Tese tools help organisations to assess the strategic pressures, and to weigh up how best to respond.
Traditional approaches to change management focus on defining an ‘end state’ and planning how to engage stakeholders to achieve and embed it. Tis is based on Kurt Lewin’s Unfreeze – Change – Refreeze paradigm, and is appropriate for straightforward, mechanistic changes. However, organisational change
is often complex, making it hard to define a clear ‘end state’ to refreeze. Also, in fast-evolving situations, the precise desired end state may change during the transformation process – it’s like trying to hit a moving target!
As a result, change management has learnt from colleagues in project and programme management to apply more ‘agile’ approaches. Tese move away from one
centralised masterplan, set out from the beginning and having a defined end point. Instead, an overall direction is agreed and explicit change plans are developed for the first few weeks or months, with change planned in components or tranches. As progress is made, further change plans are developed to maintain progress in the desired direction. In this way it is possible both to maintain engagement with near-term plans and to keep overall direction under review. Importantly, the change team is
able continuously to re-evaluate the key elements of change which deliver the greatest organisational value.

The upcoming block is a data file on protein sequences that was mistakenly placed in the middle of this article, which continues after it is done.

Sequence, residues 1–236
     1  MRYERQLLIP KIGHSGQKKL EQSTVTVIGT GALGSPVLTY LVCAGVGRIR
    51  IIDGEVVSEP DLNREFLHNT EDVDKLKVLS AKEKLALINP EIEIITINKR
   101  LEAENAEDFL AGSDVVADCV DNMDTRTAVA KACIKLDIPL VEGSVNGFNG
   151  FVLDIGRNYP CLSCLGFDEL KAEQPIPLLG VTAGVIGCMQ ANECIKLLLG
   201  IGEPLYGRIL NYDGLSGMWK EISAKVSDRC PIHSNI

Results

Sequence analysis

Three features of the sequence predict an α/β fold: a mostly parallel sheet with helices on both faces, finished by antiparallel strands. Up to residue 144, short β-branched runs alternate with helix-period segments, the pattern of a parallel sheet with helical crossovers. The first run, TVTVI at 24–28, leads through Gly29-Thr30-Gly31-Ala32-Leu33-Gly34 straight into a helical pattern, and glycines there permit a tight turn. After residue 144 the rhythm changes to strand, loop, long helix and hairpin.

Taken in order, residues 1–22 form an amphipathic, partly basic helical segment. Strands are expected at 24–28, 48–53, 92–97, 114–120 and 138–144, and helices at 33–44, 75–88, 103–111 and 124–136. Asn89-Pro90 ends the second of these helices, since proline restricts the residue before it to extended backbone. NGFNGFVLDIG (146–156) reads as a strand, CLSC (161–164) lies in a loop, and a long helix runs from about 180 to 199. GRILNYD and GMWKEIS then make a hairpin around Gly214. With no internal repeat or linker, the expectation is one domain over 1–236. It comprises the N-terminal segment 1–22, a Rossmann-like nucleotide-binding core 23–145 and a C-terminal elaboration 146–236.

Tey can choose to reprioritise work as necessary to achieve key deadlines and deliver maximum benefit.
The skills of leading change
Leading change effectively requires a wide-ranging approach and specific skills and capabilities. What is required is a blend of what are traditionally seen as ‘hard’ and ‘soft’ skills. Hard skills include developing strategy, project management, planning and evaluating. Soft
skills include, for example: ` `
` ` `` `` `` ``
Communication skills (including active listening) to build and main- tain trust, confidence and morale.
Giving feedback and providing development and coaching.
Strategies and skills of stakeholder politics and influence.
Building resilience, dealing with stress and fear of the unknown as a response to change.
Recognising how feelings and attitudes change over time.
Te skills of recognising and addressing resistance.
Research by one of the authors2 has
concluded that a wide range of skills is needed, varying at different stages in the change process. A skilful and strategic approach must embrace all aspects of change, from initiation through to implementation. Based on our analysis of compa- nies undergoing long-term change,
the top skill areas involved are: ` `
`` Political and stakeholder skills.
Managerial and imple- mentation skills.
Developing skills and commitment.
Leadership skills Effective leadership of change is founded on effective leadership through every sphere of life. As leaders are a catalyst and role model for change, self-awareness is an important first step in creating the right environment. Maintaining trust is an essential
leadership skill which is particu- larly critical in times of change. Less-than-wholehearted commitment to new directions quickly destroys trust, and unless the cynical and apathetic are genuinely won over,
32 | December 2016 | @TrainingJournal
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